4. Marx Brothers Home

4512 S. King Dr. (Grand Blvd. when they lived there), Chicago, IL 60653

Many may not know it, but the early twentieth century comedians, the Marx Brothers, lived in Chicago for a time.  However, it was in the 1910s, before they became famous through their movies.  The entire family lived there, not just the three most famous brothers, known as Groucho, Chico, and Harpo.  This Jewish family lived in what was then a Jewish neighborhood in the South Side of Chicago, as can be attested by the Mt. Pisgah Baptist Church near their home, which used to be a synagogue.

5. Barack Obama’s Home

5046 S. Greenwood Ave., Chicago, IL 60615

Former President Barack Obama taught law at the University of Chicago Law School from 1992 to 2004.  Then, in 2005, he purchased a home not far from the University.  That was also when he began to become more involved in politics.  The Obamas still own their Chicago home, although they are not there often.  A blockade still keeps cars away from his street, and a sign is posted in the front warning people that the Secret Service has the home under surveillance.

Sources and Further Reading

Holst, Amber. “A Presidential Neighborhood: The Obama Family Home in Hyde Park.” Enjoy Illinois, June 8, 2018. (accessed October 30, 2019).

“The ‘Home Alone’ House for Sale in Winnetka, Illinois.” Hooked on Houses. (accessed October 30, 2019).

Klocksin, Scott. “Airball: Why is Michael Jordan’s Estate in Highland Park not Selling?” The Real Deal, May 3, 2018. (accessed October 30, 2019).

Rodkin, Dennis. “Buyers Plan to Make ‘Gatsby’ House Great Again.” Crain’s Chicago Business, September 18, 2018. (accessed October 30, 2019).

Coronavirus = Historical Moment

As I was thinking about which historical place to write about this week, I realized that I should pause and write about a historically significant moment that is happening right now instead: the Coronavirus.  Since this historic event is also causing a lot of museums and libraries to shut down, it is appropriate for me to put a pause on discussing them.

On Monday, March 9th, I went to the grocery store.  It was uneventful.  On Friday, March 13, I went to the grocery store.  Everything was chaotic.  As I was purchasing flowers for a friend’s birthday, everyone else around me was stuffing their shopping carts with bottled water, toilet paper, and canned food.  Friday, March 13 was also the last day my public library would be open until another two weeks.  Similar to the grocery store, people there were stuffing their bags with DVDs and books.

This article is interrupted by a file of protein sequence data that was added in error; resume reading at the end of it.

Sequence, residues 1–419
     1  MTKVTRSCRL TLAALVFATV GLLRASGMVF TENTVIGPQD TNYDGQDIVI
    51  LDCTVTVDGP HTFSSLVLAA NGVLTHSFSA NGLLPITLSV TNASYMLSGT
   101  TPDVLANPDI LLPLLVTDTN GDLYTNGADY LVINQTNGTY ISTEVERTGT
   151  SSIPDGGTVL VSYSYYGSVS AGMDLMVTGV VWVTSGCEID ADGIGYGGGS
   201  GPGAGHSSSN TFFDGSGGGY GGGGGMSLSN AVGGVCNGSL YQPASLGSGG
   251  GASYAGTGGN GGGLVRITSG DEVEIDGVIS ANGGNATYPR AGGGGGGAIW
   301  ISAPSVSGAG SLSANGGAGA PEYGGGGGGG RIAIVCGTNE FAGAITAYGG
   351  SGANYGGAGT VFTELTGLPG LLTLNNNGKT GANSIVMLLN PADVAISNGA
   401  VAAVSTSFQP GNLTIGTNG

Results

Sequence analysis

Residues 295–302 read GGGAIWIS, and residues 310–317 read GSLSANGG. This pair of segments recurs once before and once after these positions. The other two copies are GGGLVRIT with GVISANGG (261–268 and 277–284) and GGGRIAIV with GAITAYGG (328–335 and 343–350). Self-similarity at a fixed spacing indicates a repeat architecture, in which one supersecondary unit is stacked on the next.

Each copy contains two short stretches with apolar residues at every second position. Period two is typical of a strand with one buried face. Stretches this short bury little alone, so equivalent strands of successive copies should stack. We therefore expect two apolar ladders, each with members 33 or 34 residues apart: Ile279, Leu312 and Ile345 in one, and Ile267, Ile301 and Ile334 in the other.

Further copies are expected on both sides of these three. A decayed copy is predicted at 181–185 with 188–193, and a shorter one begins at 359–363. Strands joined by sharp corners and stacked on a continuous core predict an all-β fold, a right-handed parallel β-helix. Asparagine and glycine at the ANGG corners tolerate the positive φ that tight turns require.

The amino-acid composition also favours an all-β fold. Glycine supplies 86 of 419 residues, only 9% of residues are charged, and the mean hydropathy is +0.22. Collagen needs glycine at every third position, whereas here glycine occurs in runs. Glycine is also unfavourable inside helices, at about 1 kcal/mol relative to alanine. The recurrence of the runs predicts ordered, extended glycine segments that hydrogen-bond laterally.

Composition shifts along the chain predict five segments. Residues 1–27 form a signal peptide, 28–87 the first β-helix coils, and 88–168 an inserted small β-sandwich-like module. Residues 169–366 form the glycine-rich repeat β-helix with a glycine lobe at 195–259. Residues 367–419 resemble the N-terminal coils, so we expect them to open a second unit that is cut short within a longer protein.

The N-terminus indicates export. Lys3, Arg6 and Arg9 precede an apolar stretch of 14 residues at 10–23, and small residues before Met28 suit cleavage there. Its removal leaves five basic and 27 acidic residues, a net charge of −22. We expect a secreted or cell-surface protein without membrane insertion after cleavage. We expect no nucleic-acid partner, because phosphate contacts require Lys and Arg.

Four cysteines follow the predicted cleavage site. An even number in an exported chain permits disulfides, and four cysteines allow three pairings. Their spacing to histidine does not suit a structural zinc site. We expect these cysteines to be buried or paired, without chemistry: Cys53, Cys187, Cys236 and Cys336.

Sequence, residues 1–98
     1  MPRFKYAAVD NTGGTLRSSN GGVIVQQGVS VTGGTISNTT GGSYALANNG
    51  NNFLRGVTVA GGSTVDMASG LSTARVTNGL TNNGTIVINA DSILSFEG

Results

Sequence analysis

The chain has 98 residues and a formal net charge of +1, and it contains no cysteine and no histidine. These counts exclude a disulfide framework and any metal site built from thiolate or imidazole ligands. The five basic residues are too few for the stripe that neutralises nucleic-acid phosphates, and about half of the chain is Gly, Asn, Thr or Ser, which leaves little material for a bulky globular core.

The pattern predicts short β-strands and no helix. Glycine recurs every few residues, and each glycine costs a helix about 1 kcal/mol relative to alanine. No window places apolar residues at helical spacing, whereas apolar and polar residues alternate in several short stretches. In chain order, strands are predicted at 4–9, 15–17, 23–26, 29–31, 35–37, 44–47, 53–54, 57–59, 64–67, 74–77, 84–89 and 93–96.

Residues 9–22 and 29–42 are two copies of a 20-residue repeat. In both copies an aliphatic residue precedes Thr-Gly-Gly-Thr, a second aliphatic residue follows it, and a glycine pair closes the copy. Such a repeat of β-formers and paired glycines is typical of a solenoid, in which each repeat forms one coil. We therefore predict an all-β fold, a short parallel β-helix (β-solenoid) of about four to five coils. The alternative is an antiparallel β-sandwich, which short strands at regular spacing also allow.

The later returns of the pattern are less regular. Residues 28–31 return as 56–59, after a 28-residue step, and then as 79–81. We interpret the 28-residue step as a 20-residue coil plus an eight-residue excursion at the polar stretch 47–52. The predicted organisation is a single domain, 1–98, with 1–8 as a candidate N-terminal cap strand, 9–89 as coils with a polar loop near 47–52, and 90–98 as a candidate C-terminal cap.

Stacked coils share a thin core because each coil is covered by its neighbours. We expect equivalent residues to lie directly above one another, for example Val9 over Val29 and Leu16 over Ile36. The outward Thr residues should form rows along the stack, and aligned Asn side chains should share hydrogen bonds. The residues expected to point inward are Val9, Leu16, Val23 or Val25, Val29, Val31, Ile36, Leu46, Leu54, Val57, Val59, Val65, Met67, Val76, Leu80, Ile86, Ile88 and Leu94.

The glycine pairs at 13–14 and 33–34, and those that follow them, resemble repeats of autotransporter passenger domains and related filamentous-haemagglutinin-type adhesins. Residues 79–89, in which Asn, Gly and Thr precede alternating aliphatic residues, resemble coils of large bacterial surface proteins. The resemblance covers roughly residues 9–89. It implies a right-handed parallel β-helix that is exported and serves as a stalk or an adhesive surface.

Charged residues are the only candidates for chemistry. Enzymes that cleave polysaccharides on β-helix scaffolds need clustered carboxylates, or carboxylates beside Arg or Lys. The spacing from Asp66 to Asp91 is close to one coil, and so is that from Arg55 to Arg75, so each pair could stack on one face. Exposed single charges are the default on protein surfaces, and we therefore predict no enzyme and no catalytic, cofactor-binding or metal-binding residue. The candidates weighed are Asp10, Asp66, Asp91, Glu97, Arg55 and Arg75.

What caused all the panic shopping and library closures, in addition to the closures of many U.S. schools, universities, museums, stage theaters, and opera houses this week?  On Wednesday, March 11, the World Health Organization declared the Coronavirus a pandemic.  On Friday, March 13, President Trump declared that the United States is in a National Emergency.  Although most of the panic shopping began this week, after the declarations mentioned above, for the past two weeks, I have been hearing people tell me that hand sanitizer is sold out.

On Tuesday, March 10, the library portal,, added a Coronavirus popup to its website, which provides a link to e-resources about the virus.

I somehow make a lot of international friends, and also have relatives living in different countries.  From them, I learned that this is far from being solely a U.S. phenomenon.  Below is a summary of what friends and relatives have told me about other countries.  However, Coronavirus news changes quickly, so what they told me below will probably be inaccurate very soon, if it is not so already.  Additionally, the information is based on individuals, so is not necessarily representative of the entire country.

China – Obviously, this is where the most Coronavirus cases have occurred, since it is also where it was first discovered.  A month ago, four people I know with connections to China told me how their relatives were okay, but that the country was basically quarantined, and that the people were sad that they were unable to celebrate the Chinese New Year.  A friend recently told me that her son has been quarantined for two months now, and will continue to be quarantined until April 30th.

Iran – Some parts of Iran are more affected than others, but it is currently hit the third worst after China and Italy.  Most people are staying home from work, bored, and sad that they cannot celebrate their new year, Nowruz, on March 21st.  I cannot confirm if this is true everywhere in Iran, but I was told that there is not a lot of panic shopping there.

Israel – The airport essentially shut down, and all schools, restaurants, museums, and non-essential businesses have closed.  The U.S. has not closed its restaurants and non-essential businesses yet, even though it has more Coronavirus cases than Israel.  Like Iran, the panic shopping is allegedly not as bad in Israel.

Korea – Everything has shut down there for at least a month.  People are working from home.

Nigeria – Nigeria had a Coronavirus patient, but he was an Italian who entered the country.  Fortunately, the Coronavirus has not made a large presence in Africa so far.

Poland – Everything has shut down, and there are travel bans there.  Like the United States, people were panic shopping and emptied shelves at the stores.  Most of the people walking around in the city of Krakow this week were tourists, not native Poles.

Romania – Everything is shutting down there.

Slovakia – Slovakia took cautious measures earlier than other countries.  They even started shutting down schools before the U.S. did.  Last week, someone I know there had to be quarantined in the infectious diseases section of the hospital for a week, because he had fluid in his lungs.  Whenever the doctors and nurses went to check on him, they wore masks.  Fortunately, he did not end up having the Coronavirus.  It was just bad timing for him to have fluid in his lungs.